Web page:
I am aware that I am less than some people prefer me to be,
but most people are unaware that I am so much more than what they see.
— Douglas Pagels

Friday, February 2, 2018

Why I Invested In A FoodSaver

I received an Amazon gift card for Christmas, and used it to partially pay for a mini Instant Pot. The Pot broke upon second use, and I sent it back to Amazon for a refund. Instead of getting a replacement, I decided to buy a FoodSaver instead (the small $59.00 model).


I've been tired of throwing out freezer-burned food, especially leftovers and frozen vegetables. It pains me to waste food, and I want to reduce the occurrence. Freezer bags, plastic wrap, and storage bowls, even giving my best effort to remove the air, isn't working.

I've been hoping to find a way to use fresh out-of-season produce year-round.

I've been wanting to get away from tomatoes in aluminum cans.

I've been wanting to save money by buying in bulk, but only cooking for one makes this problematic. Vacuum-sealing will allow me to portion properly, so I'm not overeating out of guilt.

Proper portioning will help me lose weight (something I still need to do).

Because I really dislike eating the same thing over and over, being able to portion and freeze meals will give me the variety that I prefer.

Throwing out leftovers from the fridge is unacceptable. Freezing it for reheating later is the solution.

The bags are BPA-free plastic and far less waste than throwing out plastic bowls. (Let's face it, nobody wants to hand-wash those slimy bowls. They never truly get clean enough, and they smell and stain. I always throw them out.)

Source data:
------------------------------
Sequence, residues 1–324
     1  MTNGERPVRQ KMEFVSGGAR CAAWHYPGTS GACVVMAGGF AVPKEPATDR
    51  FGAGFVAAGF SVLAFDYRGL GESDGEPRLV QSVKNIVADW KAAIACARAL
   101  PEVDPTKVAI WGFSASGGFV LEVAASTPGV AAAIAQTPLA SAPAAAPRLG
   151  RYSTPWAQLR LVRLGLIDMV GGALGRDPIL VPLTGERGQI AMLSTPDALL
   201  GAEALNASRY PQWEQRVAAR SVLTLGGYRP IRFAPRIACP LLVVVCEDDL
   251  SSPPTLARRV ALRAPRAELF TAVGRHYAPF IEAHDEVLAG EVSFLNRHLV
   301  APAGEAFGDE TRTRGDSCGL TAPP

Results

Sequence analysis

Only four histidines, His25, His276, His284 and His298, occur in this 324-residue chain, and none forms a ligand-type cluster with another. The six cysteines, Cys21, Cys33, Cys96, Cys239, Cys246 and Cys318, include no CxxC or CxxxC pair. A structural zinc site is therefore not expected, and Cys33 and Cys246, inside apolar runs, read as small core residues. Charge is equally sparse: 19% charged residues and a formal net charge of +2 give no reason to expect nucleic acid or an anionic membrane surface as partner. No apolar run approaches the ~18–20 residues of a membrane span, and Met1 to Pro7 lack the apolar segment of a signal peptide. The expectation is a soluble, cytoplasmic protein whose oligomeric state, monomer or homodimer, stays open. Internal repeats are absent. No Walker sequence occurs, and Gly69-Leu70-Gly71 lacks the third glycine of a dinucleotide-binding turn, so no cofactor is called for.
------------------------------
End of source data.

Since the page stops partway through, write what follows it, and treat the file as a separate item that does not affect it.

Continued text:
I will no longer have to buy multiple bowls and bags in different sizes, and be stuck using products that are often way too big for what I'm trying to freeze. I will be cutting my own custom-sized bags.

I can finally store spices and fresh herbs in the freezer to prevent early expiration. I tried this last year, and even my herbs went bad from freezer burn. It was frustrating!

FoodSaver claims that food lasts 1 to 3 years in the freezer with their system. I will be testing that!

Vacuumed bags take up less space in the freezer, allowing for more efficient freezing.

I will have the option of sealing important belongings during a hurricane, if I choose.

Owning a vacuum-sealer should resolve all of the above. Ultimately, food saved is money saved, and it will eventually pay for itself. Hypothetically, if I previously threw out $8.00 worth of food per month, it is paid for in a year, including the cost of bags, with no food waste.

What I've done so far:

Yesterday, I vacuumed-sealed a quart of root vegetables, a pint of stir-fry peppers and onions, a tiny roast, and a large beef stew prep that will go straight into the crock pot when I'm ready.

Today, I'll experiment with cooked food. I'm slow-cooking chicken for future tamales. I also plan to prep sweet potatoes for Parmesan fries and will seal them in small batches for cooking later.

It may not sound like minimalism to have another appliance on the counter, but looking at the big picture, it absolutely is. Waste and plastics are reduced; space and money are gained.

I'll keep you posted on how this goes!